*sigh* i think the best explanation of UFOs is that it forms a good cover story for public sightings of experimental aircraft. and it probably gets a good laugh from some of the NASA guys convincing a few of their own gullible goofs that aliens are among us. after all, it's obvious the guy can't keep his mouth shut, so why would you entrust him with the knowledge that you were working on some non-traditional propulsion technology?

speaking of which, a lot of the physicists they employ have some way-out-there ideas of their own wrt how the universe works. and maybe that's all fine and good since progress doesn't come out of considering only the classical models. plus, they do fund the occasional odd projects involving things like electrogravitics, and if they really did get one floating up in the air and spotted by a civilian, no one's going to believe them. there was a texas farmer recently that claimed to get harassed by military personnel after spotting a low-flying craft above his property. got a quick blurb on the news and that was it. in fact, i think i saw it on Larry King, which isn't even news.
 

Ivan Seeking

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Do I need peer review to determine that my faucet leaks? The evidence is in fact scientific regardless of peer review.
I will try this one more time. Scientific evidence requires duplication and peer review.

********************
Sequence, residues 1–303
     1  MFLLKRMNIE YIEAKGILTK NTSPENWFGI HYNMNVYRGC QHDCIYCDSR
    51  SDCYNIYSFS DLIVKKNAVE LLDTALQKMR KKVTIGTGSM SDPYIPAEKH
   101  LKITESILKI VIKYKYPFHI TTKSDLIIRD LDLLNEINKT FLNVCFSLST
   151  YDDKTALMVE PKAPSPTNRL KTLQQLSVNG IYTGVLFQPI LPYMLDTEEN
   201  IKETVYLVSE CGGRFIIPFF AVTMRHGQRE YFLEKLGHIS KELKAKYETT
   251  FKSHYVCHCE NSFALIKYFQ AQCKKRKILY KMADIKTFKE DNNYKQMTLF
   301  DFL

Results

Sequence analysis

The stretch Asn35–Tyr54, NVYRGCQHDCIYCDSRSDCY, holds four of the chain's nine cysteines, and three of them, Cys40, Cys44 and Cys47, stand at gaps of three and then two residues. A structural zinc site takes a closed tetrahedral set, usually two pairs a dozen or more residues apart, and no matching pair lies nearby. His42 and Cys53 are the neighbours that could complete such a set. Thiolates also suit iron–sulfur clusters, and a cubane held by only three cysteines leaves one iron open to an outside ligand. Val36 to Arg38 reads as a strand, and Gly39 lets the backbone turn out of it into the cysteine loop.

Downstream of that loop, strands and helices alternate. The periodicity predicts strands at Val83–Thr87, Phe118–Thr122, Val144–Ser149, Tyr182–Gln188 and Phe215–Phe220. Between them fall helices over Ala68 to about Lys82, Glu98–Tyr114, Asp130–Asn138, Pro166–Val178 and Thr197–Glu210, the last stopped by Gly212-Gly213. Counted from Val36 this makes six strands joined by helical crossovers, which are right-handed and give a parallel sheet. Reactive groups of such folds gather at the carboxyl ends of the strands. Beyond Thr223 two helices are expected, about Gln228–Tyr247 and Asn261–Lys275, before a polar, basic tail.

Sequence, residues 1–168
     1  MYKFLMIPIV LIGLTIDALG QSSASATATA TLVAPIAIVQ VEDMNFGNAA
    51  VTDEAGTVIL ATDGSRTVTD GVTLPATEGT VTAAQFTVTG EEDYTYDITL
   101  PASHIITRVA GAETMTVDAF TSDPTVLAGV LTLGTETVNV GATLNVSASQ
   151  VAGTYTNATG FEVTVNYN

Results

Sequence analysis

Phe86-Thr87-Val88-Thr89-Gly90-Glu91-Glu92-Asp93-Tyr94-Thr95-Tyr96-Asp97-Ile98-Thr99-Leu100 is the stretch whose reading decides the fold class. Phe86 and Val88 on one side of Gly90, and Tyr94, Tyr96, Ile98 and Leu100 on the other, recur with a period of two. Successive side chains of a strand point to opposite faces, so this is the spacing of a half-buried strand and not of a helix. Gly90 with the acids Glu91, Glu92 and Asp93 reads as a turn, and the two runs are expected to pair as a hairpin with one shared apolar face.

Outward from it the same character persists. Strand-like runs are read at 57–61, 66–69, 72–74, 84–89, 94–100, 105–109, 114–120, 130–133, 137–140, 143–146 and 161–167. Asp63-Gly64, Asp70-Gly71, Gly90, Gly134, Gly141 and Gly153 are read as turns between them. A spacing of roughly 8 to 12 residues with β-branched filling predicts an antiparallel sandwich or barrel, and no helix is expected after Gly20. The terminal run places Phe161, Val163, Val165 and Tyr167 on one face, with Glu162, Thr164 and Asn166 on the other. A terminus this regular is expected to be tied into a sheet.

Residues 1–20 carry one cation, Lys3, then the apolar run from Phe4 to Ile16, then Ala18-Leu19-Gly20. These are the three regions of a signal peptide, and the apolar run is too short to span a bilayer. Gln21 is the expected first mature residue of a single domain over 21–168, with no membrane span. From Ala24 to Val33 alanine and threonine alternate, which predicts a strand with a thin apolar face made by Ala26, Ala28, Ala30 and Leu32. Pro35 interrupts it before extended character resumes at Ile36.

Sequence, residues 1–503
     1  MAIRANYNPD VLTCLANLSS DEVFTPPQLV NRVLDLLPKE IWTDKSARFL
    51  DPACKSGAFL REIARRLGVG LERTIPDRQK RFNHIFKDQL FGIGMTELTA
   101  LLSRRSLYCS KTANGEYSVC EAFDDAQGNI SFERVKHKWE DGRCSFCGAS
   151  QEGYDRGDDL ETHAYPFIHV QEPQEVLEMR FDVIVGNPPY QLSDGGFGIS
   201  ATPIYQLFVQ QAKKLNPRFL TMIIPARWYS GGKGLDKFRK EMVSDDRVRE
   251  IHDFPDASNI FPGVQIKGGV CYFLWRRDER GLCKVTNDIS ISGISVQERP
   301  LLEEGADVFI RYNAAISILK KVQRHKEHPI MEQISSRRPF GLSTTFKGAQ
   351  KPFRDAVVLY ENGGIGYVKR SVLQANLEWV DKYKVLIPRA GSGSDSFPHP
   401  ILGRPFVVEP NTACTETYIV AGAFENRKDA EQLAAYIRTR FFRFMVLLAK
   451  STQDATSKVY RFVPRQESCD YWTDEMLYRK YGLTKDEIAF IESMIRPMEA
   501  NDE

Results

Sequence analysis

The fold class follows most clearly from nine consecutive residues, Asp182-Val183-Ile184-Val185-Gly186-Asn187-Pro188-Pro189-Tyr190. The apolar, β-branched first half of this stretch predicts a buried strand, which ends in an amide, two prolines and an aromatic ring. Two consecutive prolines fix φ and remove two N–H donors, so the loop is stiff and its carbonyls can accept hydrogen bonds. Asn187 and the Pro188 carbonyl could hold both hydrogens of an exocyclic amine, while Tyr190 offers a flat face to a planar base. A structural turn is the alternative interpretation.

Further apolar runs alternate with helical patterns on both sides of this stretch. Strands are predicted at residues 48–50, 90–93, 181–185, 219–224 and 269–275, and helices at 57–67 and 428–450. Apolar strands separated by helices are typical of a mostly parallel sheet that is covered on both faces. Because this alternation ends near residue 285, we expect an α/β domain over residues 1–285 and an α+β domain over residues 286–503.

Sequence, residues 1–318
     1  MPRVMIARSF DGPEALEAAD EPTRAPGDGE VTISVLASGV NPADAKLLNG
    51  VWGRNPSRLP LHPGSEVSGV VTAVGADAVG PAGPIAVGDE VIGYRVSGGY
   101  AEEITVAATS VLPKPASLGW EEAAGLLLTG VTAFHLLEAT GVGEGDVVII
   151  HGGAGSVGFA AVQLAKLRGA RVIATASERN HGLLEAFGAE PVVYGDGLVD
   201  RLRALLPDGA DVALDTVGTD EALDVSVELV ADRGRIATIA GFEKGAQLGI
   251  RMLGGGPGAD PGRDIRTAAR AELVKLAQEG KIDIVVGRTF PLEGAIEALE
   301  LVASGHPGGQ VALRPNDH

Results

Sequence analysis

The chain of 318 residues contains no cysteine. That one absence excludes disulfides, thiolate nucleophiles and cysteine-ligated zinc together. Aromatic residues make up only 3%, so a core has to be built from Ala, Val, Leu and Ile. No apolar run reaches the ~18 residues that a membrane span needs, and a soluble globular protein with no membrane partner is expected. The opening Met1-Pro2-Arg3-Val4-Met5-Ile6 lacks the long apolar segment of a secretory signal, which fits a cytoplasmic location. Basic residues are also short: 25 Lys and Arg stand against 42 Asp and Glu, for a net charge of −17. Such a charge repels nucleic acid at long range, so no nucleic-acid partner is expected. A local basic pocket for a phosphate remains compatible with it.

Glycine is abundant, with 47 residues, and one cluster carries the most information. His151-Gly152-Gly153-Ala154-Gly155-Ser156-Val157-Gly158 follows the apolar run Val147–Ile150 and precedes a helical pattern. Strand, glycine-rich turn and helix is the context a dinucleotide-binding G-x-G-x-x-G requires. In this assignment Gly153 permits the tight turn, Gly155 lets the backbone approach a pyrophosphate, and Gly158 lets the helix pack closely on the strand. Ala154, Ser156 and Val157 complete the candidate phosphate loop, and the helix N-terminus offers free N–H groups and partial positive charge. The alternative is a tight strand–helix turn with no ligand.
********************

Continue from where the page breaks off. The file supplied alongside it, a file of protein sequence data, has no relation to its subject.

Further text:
Do we need to repeat a mega-meteor impact for the evidence of an extinction level meteor? The evidence is in fact scientific without the need for a repeat.
No, but you need evidence that can be examined and tested in order to determine that the event took place. This requires repeatability.

Scientific discoveries are often made by saying: Wouldn't it be neet if X. No evidence whatsoever, anecdotal or otherwise, is needed to posit such a notion.
Give an example of a discovery made in this fashion.

The scientific method only comes into play to determine if either X can be falsified or is falsifiable in principle. Aliens are visiting us is NOT falsifiable on the information we have at present. The only way to falsify such a statement is to determine the affirmative. It therefore is not a scientific statement unless or until aliens are visiting us is answered in the affirmative.
What does this have to do with anything?

Proclaiming anecdotal evidence as evidence doesn't cut it.
Look, this is not a point subject to discussion. Not only are you are using the word evidence when you say "anecdotal evidence", which defeats your own assretion, but it is a matter of definition. There are many forms of evidence. Scienctific evidence is just one of them. If you wish to make a scientific assertion, then you need scientific evidence. But the question at hand was whether it is logical to consider weaker forms of evidence as a practical matter in life. The fact is that we do it every day. We have to in order to survive. We can't wait for peer review when we have a leaky pipe or attempt to cross the street.
 
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Do I need peer review to determine that my faucet leaks?
I would say so. If you told me your faucet leaks and you saw it, why should I believe you? Unless your statement has been reviewed by others and confirmed there is no reason to take what you claim for scientific evidence.
 
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There's no scientific evidence for leaking faucets :biggrin: